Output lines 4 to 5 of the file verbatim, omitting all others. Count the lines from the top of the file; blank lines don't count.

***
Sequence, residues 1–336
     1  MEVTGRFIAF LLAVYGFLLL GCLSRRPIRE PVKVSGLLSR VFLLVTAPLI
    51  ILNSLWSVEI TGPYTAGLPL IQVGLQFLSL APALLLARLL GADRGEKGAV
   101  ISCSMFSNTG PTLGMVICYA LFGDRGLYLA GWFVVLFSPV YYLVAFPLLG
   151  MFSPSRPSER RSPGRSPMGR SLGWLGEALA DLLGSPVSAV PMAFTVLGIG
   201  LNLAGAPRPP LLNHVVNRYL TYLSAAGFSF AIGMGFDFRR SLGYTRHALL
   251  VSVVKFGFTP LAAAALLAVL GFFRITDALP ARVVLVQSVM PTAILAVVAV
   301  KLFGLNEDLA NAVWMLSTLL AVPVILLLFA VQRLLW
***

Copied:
   101  ISCSMFSNTG PTLGMVICYA LFGDRGLYLA GWFVVLFSPV YYLVAFPLLG
   151  MFSPSRPSER RSPGRSPMGR SLGWLGEALA DLLGSPVSAV PMAFTVLGIG